Feeder.co is now my employer and full time job. I’m really looking forward to the journey!
During the weekend we released a version that is not working correctly. We are in contact with the Chrome team about releasing a new version. In the meantime what you need to do is:
- Log in here: https://feeder.co/login
- Restart Chrome
- Should work now
We are working to get the fixed version out ASAP.
Uh-oh! You’re RSS Feed Reader is not working. You’re getting an error message when trying to open the popup. Luckily you found this page!
A lot of the time this is because of a corrupt Google Chrome installation. What you will do is try to diagnose this problem, and then contact me, so we can take it from there.
1. Go the following URL: chrome://extensions/
2. On that page, you will see a list of your extensions.
3. Check the “Developer mode” checkbox in the top right corner:
4. Find the RSS Feed Reader entry in your list of extensions, and press “reader/main.html” link.
5. This will open a popup window. Press the “Console” tab in the top navigation.
6. Take a screenshot of this page. It will have a different list of errors, or it might even be empty. This is the screenshot you should e-mail to me. It can look something like this:
7. Check which version of Chrome you have, by going to: chrome://version and checking the Google Chrome:-entry.
So hopefully after you have e-mailed this to firstname.lastname@example.org, we can fix your RSS Feed Reader for Chrome.
Today I had some time over and decided to work on my RSS Feed Reader extension for Chrome (I do think it needs a new name, don’t you? Or maybe it’s too late for that?). Certain things have been on the drawing board for a long time now: scrollbars, notifications, design issues, etc. I decided I’d write some tests instead.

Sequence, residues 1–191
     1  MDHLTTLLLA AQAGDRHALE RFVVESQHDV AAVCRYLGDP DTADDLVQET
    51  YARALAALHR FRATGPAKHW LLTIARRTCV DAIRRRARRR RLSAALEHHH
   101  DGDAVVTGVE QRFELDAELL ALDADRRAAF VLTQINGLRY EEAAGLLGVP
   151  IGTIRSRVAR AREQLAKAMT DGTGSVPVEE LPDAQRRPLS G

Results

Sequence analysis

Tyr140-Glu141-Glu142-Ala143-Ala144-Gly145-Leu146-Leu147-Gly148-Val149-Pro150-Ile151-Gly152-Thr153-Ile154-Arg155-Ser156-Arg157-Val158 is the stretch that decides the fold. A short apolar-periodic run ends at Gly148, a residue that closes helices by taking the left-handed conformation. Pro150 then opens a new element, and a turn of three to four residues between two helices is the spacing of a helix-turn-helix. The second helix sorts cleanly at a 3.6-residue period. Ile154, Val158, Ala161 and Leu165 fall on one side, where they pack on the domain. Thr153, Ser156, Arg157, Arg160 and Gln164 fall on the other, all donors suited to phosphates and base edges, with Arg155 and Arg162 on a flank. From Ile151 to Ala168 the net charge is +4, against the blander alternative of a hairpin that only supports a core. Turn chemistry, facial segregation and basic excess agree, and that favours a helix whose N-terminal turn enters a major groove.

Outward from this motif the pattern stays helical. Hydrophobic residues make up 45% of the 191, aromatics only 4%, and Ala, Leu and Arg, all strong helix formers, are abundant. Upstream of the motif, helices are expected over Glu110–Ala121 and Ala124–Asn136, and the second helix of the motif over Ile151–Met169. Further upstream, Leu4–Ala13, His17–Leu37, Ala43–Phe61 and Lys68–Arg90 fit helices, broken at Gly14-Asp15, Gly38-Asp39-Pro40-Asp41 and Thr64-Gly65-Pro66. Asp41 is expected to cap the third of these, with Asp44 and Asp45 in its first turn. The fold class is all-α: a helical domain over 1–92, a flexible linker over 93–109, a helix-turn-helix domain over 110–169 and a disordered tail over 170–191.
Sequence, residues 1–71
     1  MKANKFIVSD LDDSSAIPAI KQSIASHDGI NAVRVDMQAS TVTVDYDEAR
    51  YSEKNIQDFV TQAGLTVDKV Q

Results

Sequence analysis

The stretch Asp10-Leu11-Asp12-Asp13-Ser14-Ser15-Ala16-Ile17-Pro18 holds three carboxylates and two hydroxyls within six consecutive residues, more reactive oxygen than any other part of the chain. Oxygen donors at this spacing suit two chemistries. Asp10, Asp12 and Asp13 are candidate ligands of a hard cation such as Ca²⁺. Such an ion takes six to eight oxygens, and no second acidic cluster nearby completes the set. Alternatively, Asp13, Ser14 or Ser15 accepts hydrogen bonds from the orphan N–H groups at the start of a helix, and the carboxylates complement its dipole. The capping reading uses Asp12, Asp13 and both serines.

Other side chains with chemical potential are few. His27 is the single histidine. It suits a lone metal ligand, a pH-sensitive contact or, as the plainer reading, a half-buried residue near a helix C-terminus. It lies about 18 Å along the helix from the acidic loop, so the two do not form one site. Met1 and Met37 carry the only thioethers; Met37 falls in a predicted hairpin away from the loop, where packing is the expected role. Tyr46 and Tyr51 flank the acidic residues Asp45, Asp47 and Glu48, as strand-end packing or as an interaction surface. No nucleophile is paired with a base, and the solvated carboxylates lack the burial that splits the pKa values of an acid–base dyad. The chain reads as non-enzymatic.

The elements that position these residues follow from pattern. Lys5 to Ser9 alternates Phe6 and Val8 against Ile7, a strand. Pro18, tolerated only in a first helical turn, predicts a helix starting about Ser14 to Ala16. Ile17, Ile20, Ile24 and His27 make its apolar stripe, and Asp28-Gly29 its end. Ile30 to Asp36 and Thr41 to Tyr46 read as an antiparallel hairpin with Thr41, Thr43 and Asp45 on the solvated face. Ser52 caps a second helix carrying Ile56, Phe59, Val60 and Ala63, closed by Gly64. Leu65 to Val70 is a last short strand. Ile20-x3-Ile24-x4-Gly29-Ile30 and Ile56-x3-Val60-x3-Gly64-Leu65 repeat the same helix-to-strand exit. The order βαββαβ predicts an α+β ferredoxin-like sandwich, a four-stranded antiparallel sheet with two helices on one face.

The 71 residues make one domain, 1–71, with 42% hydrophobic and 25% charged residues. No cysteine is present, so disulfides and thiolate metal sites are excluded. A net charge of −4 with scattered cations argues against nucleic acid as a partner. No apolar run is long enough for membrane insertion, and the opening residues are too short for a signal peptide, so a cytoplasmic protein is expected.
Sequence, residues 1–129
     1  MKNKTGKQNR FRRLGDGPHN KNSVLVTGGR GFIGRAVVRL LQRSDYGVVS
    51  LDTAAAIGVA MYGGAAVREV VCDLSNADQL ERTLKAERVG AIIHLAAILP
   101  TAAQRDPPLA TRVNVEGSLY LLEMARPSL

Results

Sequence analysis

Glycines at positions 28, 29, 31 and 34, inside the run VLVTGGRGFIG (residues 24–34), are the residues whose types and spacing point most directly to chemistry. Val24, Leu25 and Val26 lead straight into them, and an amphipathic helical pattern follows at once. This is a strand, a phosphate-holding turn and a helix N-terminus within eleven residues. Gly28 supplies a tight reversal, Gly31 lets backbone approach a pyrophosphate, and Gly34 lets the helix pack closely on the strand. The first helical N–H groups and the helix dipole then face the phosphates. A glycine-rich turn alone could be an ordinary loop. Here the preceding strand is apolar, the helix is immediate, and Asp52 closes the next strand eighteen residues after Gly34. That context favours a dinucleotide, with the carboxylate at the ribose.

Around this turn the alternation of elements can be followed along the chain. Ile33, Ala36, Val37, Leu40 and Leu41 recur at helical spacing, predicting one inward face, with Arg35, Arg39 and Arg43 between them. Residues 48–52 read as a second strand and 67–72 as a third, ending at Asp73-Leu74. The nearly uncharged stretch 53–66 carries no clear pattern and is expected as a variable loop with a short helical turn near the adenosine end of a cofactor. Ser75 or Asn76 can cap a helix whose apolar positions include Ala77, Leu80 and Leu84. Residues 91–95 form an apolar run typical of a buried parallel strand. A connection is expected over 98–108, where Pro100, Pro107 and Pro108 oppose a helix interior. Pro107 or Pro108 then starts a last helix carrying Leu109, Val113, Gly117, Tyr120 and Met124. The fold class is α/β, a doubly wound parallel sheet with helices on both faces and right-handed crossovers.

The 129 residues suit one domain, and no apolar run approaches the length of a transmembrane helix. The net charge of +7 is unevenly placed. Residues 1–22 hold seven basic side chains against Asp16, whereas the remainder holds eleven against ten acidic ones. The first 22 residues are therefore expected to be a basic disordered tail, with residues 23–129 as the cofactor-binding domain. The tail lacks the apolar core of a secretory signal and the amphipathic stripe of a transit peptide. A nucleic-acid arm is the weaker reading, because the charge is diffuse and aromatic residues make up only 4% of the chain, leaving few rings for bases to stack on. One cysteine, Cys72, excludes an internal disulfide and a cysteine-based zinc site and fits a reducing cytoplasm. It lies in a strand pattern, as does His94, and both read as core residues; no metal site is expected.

Why? Because testing is awesome
One thing that always has left me with a bad-gut-feeling is pushing new releases to the public. This kind of extension should be able handle anything out there. How many poorly written RSS feeds aren’t there? And just how many different formats and interpretations of those format’s are out there? My guess is many. It’s hard to test all those different formats myself, especially whenI only subscribe to about 10 myself! So changing the parsing code is a big leap of faith for my soon-to-be 10 000 strong userbase.
In come the tests. They are designed to be run before each release as a sanity check that the code I’m shipping is bug-free. Or at least that it hasn’t introduced any new bugs in old previously working code. Sweet heaven. Can you imagine that? Running a command that assures you that it will work and that you can sleep worry free. It’s an enticing thought.
Writing tests is boring
The benefits with tests are many. The problem however that writing tests is tedious work. Instead of implementing cool features you write code to test what in your mind already is perfect. So choosing the right test framework is important. For RSS Feed Reader I’ve decided to use QUnit in a Node.js environment. Installing and everything is dead simple thanks to uptodate instructions and the Node Package Manager (NPM). The hard part is acquiring a large enough database of feeds to be relevant. Luckily developers before me have tackled this problem. A quick Google turned up this git repository of links to feeds – called Popular Feeds.